Pens: Portrait in Exclusivity

<< Back to Robb Report, October 2005
  • Nancy Olson

Customization has long been in Montegrappa’s repertoire, but Italy’s oldest penmaker has redrawn the parameters of personalization with its new Portrait collection.

Each $19,500 Portrait pen begins as a blank canvas. The 18-karat pink or white gold barrel is etched with a neutral diamond pattern that frames a prominent oval area left open for an engraved image of the client’s choosing. Working from a photograph or drawing, one of the company’s artisans will reproduce the image with vivid detail—a process that takes two months from the time the pen is commissioned to its delivery in a solid walnut presentation case. Space on the pen’s cap is also reserved for a dedication, monogram, or other personalized statement.
 
Montegrappa’s master engravers are well schooled in the increasingly rare discipline of burin engraving, which medieval goldsmiths introduced in the 1400s. Using a steel tool called a burin, the engravers etch intricate lines into the metal at varying depths, producing exquisite and exacting detail on the pen’s diminutive surface. Upon completing his engraving, the artist signs the barrel. “There is no [serial] number,” notes Montegrappa CEO Sergio De Bon, drawing a contrast to collectible limited editions. “Numbering it would have no meaning, because the number could only be 1.”
 
The Portrait pen is an elaborate extension of the customization service that has long been available at the Montegrappa manufactory in picturesque Bassano del Grappa near Vicenza. By selecting from a variety of styles and materials—gold, silver, celluloid, or resin accented with a range of precious and semiprecious gems—clients can commission small quantities of custom pens.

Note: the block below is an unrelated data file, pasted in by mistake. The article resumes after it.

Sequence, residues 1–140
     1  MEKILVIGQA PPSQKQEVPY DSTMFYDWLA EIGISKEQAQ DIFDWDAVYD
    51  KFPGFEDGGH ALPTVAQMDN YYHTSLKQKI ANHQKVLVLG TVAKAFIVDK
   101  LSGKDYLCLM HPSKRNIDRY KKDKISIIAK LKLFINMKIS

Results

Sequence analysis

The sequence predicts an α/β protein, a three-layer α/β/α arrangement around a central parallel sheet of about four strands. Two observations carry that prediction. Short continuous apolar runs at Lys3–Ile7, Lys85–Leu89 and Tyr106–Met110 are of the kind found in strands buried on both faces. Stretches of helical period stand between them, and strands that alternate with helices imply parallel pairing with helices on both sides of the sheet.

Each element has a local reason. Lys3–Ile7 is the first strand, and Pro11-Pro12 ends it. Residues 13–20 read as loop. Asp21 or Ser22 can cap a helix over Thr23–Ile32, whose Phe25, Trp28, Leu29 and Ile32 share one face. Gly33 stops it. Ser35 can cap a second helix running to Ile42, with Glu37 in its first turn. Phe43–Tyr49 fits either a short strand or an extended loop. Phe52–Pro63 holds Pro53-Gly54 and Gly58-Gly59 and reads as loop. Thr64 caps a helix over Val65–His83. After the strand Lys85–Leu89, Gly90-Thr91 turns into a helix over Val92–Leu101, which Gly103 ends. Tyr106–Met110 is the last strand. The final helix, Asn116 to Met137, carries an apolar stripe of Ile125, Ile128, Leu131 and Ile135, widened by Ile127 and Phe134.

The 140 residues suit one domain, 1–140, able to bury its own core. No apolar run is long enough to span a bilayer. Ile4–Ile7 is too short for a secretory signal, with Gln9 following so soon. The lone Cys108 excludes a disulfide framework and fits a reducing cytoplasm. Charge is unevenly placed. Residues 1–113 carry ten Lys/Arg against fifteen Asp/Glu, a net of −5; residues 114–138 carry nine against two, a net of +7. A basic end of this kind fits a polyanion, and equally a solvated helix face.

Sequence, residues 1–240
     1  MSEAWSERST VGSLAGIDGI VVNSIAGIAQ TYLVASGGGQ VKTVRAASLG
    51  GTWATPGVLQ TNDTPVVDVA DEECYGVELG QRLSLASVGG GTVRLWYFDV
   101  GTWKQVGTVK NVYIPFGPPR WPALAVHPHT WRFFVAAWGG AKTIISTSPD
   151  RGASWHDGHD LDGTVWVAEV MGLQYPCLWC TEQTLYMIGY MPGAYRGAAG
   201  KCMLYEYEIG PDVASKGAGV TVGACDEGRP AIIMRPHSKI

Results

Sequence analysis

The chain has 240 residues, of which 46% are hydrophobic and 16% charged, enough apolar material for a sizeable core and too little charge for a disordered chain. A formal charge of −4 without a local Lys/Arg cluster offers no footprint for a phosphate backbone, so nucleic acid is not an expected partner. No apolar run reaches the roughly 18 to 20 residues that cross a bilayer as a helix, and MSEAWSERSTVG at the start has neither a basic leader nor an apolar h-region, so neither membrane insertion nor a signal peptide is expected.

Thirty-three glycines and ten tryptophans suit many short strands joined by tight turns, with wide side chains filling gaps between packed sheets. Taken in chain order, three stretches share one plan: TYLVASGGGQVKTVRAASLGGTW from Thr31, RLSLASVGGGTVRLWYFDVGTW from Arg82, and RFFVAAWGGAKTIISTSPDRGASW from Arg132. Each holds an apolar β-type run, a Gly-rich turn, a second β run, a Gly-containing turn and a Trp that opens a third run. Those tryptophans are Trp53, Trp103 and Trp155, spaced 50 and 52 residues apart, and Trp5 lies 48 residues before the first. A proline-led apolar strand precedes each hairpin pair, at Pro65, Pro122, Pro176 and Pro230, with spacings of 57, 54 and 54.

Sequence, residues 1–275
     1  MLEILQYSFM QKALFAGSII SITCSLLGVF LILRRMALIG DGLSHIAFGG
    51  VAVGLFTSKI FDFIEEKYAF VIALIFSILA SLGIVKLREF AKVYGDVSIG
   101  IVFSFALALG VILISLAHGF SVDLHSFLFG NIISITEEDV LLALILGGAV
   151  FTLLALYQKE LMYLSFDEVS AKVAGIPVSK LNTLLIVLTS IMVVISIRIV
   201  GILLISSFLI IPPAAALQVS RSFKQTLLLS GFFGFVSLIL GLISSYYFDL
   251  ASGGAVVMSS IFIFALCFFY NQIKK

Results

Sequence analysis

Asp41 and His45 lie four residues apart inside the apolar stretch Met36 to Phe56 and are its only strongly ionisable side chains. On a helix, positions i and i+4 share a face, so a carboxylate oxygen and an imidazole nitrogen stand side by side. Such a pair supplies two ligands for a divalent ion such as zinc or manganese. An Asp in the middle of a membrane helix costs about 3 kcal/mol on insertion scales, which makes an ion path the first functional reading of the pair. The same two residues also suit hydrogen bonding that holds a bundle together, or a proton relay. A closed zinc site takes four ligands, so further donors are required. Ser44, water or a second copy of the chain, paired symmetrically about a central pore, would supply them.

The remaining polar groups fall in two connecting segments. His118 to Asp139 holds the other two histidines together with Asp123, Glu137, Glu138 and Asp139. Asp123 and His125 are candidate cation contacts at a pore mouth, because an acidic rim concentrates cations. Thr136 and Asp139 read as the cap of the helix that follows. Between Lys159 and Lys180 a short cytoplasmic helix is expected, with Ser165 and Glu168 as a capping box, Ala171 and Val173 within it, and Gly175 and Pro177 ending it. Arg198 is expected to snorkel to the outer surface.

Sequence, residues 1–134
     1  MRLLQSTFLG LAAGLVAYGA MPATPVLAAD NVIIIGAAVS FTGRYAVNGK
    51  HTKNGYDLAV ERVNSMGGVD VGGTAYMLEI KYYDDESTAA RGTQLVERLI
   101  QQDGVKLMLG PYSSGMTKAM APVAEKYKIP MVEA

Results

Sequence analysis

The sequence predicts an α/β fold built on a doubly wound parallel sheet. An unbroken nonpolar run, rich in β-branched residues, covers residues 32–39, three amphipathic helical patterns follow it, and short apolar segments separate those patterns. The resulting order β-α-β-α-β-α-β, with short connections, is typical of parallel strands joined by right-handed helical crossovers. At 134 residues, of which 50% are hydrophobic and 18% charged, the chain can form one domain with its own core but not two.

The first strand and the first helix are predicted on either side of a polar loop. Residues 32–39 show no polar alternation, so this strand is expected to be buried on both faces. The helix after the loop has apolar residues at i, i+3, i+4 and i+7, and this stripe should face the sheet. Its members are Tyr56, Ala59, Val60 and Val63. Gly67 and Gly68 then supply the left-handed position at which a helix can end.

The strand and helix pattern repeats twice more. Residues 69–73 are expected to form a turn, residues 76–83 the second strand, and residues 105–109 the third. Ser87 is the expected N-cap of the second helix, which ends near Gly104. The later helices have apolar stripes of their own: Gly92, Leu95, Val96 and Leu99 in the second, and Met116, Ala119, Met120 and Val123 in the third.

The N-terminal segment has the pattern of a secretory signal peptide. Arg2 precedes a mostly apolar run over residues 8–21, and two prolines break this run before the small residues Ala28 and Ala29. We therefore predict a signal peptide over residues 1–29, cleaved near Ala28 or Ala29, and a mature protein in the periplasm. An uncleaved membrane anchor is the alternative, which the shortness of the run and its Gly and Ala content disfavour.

After viewing Montegrappa’s recent Ferrari collection, Formula One racecar driver Michael Schumacher had the company’s designers produce an exclusive collection for him. His design incorporates his initials “MS” as a decorative element rendered in metal fretwork on the body and cap. The die-cast pocket clip depicts a miniature F/1 racecar.
 
Montegrappa also offers the opportunity to personalize existing models from its regular collections. Engravings on the cap rings or barrels of names, monograms, dates, or corporate logos can commemorate people or events. Montegrappa can embellish pocket clips with diamonds, rubies, and sapphires, or with semiprecious stones such as onyx, garnet, or lapis lazuli.
 
Recently, the company collaborated with perfumer Laura Tonatto, who previously has worked with L’Oréal and Giorgio Armani, to develop a range of scented inks. Montegrappa claims the inks will enhance the sensory experience of writing, but they also are ideal for composing the type of personal correspondences that in an earlier era would have been spritzed with perfume.

 

Montegrappa, 866.854.1674, www.montegrappa1912.com

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